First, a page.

Nutritional Supplements That Lower Glucose
When considering nutritional supplements to lower
glucose levels, one need to keep a number of issues in mind:
There is limited information supporting the glucose-lowering effect of many supplements. Sometimes there are
just a few anecdotal reports rather than carefully performed scientiﬁc studies. What scientiﬁc studies there
are, on closer inspection, have major ﬂaws. The reason there are no large clinical studies for supplements is
that these studies are very expensive to do. In some cases, the evidence that a particular chemical may have a
role in glucose control is based on experiments in animals with a severe deﬁciency of the chemical. But this
type of deﬁciency may occur only infrequently in humans. For example, chromium deﬁciency in rats causes insulin
resistance, but it is difﬁcult to show that degree of deﬁciency in humans consuming a normal diet, and so the
relevance to human diabetes is unclear.
• Since nutritional supplements are not regulated in the same manner as
pharmaceutical medicines, supplements may vary in terms of potency.
• Just because a compound is not regulated and is natural does not make it
safe—there could be serious side effects, and the supplement could also affect the metabolism of other drugs
that are taken at the same time.
Here some of the more popular supplements.
In a laboratory cell culture, extracts of cinnamon have been shown to
enhance the action of insulin. In 2003, the journal Diabetes
Care published a study that reported that cinnamon extract lowered
fasting glucose, triglycerides, and LDL cholesterol in thirty patients with type 2 diabetes. This study got a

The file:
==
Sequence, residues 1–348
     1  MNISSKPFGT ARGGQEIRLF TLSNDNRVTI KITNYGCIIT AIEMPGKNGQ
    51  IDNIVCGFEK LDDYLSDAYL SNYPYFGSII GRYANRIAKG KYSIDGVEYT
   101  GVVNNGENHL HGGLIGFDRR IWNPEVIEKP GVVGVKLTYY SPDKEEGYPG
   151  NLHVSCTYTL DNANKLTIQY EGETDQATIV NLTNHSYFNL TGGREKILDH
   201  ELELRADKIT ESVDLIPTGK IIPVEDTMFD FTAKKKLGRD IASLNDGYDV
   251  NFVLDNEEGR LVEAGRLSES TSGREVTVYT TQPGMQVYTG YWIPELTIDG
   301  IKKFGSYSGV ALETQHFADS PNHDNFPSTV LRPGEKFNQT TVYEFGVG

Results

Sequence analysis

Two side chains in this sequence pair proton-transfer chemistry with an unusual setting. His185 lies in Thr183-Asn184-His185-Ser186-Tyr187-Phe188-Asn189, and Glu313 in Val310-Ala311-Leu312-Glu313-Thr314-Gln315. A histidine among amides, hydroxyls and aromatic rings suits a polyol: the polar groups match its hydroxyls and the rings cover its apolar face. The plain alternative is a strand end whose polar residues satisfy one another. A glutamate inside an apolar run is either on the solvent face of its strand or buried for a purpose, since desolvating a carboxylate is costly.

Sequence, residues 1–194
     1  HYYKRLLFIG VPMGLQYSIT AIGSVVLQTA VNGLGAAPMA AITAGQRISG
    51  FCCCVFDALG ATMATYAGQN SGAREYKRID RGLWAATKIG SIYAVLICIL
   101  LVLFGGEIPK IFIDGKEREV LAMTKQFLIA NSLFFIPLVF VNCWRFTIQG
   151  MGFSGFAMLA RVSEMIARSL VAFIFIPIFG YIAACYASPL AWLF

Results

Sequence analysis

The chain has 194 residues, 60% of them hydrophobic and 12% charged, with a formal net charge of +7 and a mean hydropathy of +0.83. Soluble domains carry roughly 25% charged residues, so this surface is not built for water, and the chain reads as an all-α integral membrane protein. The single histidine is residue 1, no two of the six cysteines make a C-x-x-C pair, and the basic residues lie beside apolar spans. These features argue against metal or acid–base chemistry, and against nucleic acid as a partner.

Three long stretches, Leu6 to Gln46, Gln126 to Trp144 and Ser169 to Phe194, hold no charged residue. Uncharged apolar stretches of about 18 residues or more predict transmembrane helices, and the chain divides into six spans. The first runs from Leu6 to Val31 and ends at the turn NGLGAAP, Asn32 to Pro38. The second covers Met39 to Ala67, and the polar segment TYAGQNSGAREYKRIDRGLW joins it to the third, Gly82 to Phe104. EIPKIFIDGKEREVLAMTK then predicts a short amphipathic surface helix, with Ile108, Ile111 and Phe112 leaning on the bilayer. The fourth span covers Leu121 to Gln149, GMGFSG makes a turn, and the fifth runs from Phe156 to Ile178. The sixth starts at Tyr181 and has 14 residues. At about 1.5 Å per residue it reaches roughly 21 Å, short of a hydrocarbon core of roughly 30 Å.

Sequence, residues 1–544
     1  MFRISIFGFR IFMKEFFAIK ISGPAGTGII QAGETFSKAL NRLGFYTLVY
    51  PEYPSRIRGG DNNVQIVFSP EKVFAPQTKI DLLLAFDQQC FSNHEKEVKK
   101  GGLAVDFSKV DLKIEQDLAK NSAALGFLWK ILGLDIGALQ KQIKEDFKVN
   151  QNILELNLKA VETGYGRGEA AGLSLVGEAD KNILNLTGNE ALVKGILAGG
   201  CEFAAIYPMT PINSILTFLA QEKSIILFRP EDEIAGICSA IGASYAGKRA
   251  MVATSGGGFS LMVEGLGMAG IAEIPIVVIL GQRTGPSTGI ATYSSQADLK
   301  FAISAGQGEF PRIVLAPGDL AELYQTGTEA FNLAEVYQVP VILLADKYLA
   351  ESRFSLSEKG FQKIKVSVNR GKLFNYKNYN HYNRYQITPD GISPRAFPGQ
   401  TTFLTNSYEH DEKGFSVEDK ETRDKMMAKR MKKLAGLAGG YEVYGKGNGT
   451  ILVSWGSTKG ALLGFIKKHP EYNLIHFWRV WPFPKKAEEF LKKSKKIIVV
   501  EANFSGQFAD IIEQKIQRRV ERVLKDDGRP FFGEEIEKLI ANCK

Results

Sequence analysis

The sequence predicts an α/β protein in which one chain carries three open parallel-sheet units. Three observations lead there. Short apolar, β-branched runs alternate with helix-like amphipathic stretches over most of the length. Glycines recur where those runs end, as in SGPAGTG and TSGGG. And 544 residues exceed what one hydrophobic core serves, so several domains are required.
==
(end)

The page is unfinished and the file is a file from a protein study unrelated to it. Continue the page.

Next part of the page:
lot of attention in the media, and many people with diabetes wonder if cinnamon would help their diabetes.
However, a smaller study published in The Journal of
Nutrition in 2006 with twelve subjects taking cinnamon extract did
not show any beneﬁt. In both studies the patients were also on other diabetes medicine. In the 2003 study they
were all on sulfonylureas, whereas in the 2006 study they were on sulfonylureas with or without metformin or
metformin or thiazolidinediones with or without metformin or a reduced-calorie diet. It is possible that this
difference may explain the lack of response in the second study.
When rats are given a diet deﬁcient in chromium, they have higher glucose
levels. Similarly, humans who are on intravenous nutrition (total parenteral nutrition), if they are not given
chromium supplements, have higher glucose levels and insulin resistance. It has not been shown that people with
diabetes have chromium deﬁ ciency, but when chromium picolinate has been given to people with diabetes, a
number of studies have shown a beneﬁt. For example, in a study published in the journal
Diabetes Care in 2006,
seventeen patients with type 2 diabetes on sulfonylureas who were given 1,000 micrograms of chromium had an
improvement in glucose control and insulin sensitivity. This dose is much higher than the recommended daily
dose, which is 20 to 35 micrograms daily. It appears to be fairly safe at the high dose, although there have
been two cases of kidney problems and one case of liver damage reported. A longer-duration study with a
larger number of subjects is needed to ﬁnd out if chromium supplements are beneﬁcial for people with
diabetes. An important question is whether the supplement adds much for patients who already may be on
several drugs for their diabetes.
The trace element selenium is important in the activity of a number
proteins in the body—these are known as selenoproteins. Glutathione peroxidases and cellular antioxidants are
selenoproteins, and so selenium’s antioxidant properties have been a focus of clinical studies. So far, however,
there are no studies showing that selenium supplementation is beneﬁcial in people with
Several small studies reported an improvement in fasting glucose and HbA1c
with 3 grams of American ginseng. The studies are of limited duration (eight weeks). Reported side effects of
American ginseng include insomnia, high blood pressure, and anxiety.